So how cold-hardy is Rosemary?

My rosemary looks fine after weeks of 20-degree weather

One of the many mysteries of gardening is the contradictory advice we read, especially but not solely on the Internet, about plants.  It can even contradict our own experiences growing plants in our very own gardens, so what’s a gardener to do?  I always go with my own experience – and keep an eye out for why mine was different.

Take this rosemary, for example.  According to everything I’ve read, it can’t survive freezing temperatures – yet here we are in late January after an unusually wintery December, and this specimen on my deck is just fine, thanks.  And don’t tell me that’s because it’s up against the house and therefore in a “sheltered location” because I only moved it here for the photo.  Its real location is out at the edge of the deck, fully exposed to the wind.

But I’ll back up and tell you what some online sources I usually find trustworthy are saying about rosemary.  Garden writer and horticulturist Marie Iannotti tells us, “The three fundamentals for successfully growing rosemary are: Sun, Good Drainage and Good Air Circulation. Provide a sandy, well draining soil and 6-8 hours of full sunlight. ”  Then about winter-hardiness, “If you live in a frost free area, you can grow rosemary in the ground year round.  Where the winter temperatures dip below 30 degrees F., rosemary plants will have to spend the winter indoors.”  See, as though it can’t take frost!  And from Fine Gardening Magazine we learn that: “In the fall, when the temperature dips to 30ºF, it’s time to bring rosemary indoors.”

Source after source repeats this warning that rosemary can’t handle temperatures below 30.   So I posed my burning questions to Kerry Kelley, Homestead’s manager of annuals, including herbs, and she replied:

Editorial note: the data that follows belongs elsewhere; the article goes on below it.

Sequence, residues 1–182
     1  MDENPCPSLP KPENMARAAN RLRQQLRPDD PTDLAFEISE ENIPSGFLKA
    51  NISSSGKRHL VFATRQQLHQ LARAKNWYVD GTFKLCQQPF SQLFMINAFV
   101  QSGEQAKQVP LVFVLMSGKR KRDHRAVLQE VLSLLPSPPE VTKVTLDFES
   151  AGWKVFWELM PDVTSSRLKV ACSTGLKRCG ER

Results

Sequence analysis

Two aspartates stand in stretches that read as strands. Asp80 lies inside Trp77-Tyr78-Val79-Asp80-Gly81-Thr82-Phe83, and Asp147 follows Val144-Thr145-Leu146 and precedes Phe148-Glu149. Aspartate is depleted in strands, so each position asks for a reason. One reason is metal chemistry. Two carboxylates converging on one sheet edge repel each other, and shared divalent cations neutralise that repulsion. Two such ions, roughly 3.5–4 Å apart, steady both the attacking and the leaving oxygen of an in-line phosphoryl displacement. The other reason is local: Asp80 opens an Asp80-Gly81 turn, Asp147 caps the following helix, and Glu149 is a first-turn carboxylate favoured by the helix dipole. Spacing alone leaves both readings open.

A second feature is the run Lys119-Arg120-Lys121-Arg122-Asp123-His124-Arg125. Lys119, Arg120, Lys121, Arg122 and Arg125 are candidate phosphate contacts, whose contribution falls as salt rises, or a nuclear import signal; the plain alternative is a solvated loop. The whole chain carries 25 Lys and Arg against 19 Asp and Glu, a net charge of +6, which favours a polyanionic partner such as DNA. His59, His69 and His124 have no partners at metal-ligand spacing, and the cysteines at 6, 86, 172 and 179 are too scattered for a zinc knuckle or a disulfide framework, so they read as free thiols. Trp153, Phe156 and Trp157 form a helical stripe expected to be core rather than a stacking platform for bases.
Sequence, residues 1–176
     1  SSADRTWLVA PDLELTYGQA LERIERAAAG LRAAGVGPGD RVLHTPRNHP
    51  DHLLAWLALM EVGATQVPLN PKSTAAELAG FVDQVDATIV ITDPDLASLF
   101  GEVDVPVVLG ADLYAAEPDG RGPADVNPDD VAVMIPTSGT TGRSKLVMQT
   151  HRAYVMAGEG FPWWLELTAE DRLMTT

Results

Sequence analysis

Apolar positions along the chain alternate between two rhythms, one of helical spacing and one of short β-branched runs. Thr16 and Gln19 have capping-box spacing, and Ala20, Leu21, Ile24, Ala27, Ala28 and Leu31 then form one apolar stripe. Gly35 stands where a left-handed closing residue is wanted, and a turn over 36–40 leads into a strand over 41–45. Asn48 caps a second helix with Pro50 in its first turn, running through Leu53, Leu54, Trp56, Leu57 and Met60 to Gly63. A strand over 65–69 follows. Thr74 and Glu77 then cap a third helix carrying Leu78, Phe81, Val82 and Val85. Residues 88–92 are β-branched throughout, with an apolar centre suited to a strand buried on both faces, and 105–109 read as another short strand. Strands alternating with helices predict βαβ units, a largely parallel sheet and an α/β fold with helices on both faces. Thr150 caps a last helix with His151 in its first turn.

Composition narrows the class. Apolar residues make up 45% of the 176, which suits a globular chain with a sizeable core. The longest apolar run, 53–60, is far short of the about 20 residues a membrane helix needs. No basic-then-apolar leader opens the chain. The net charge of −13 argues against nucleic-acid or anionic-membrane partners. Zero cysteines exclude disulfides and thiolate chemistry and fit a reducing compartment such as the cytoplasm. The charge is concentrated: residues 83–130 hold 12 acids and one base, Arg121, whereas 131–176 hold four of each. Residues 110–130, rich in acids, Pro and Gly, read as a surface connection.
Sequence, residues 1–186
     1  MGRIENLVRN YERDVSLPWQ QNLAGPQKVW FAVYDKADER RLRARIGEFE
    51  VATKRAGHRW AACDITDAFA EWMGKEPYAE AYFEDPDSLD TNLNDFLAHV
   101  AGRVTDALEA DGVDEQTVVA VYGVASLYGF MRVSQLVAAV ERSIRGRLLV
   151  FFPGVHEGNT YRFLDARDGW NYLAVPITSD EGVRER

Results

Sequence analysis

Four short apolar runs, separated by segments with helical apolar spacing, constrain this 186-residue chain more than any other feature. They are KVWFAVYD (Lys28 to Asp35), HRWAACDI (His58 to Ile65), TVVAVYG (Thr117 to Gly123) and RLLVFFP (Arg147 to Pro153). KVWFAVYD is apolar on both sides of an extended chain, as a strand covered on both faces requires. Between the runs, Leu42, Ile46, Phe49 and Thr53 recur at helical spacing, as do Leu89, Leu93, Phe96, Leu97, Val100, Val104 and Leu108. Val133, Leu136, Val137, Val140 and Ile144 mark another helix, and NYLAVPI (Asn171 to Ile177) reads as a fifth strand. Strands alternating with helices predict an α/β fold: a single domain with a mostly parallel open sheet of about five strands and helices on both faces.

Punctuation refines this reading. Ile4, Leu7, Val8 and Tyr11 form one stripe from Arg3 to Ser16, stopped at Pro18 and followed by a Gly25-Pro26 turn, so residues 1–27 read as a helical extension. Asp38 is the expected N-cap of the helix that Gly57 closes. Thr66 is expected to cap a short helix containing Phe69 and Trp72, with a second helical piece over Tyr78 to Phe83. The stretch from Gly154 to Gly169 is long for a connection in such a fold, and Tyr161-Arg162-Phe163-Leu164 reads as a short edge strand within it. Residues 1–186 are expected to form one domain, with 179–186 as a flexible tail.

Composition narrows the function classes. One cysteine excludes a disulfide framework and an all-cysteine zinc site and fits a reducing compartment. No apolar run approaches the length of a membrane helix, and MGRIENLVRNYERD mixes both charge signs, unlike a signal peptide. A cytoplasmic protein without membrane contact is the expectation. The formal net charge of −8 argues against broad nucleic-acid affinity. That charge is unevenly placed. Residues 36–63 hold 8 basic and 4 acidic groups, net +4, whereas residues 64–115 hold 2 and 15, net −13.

There are a couple of varieties that we know make it in our zone 7.  ‘Arp’ rosemary is considered the hardiest.  It’s an open, upright plant that should do fine here with proper siting.  Also ‘Hardy Hill’, but that’s not as frequently commercially available.  Some people with zone 8 microclimates (Capitol Hill, inner city Baltimore, close to the bay, or just a warmer, protected spot) may be able to grow other varieties–some success had been had with ‘Tuscan Blue’.

Also consider that the bottom temperature for zone 7 is 0 degrees and for zone 8 I think it’s 10 degrees.  If we have a relatively mild winter, with only sporadic temps below 10, other varieties may last.  But when the REAL Maryland winter returns (if it ever does), the plant will be toast.  In other words, plants may do fine for a few years, and then we have one hard winter and the fun’s all over!  And that’s true of any zone 8 plants, not just rosemary.  A warm spot near the house protected from north winds is the best bet.  Plants really should be in the ground and not in a container, since roots are not as hardy as top-growth.

I love one of the tips one of my customers gave me about using rosemary: she sprinkles the flowers on her family’s breakfast eggs–beautiful and delicious.

Rosemary flowers sprinkled on eggs – what a wonderful image!

But I’ll end with what everyone seems to agree on: that as a Mediterranean plant, rosemary likes it sunny and dry – which means great drainage, something that pots usually do a good job of providing.  And rosemary can be pruned to almost any shape, so it’s popular among enthusiasts of topiary.

Posted by Susan Harris.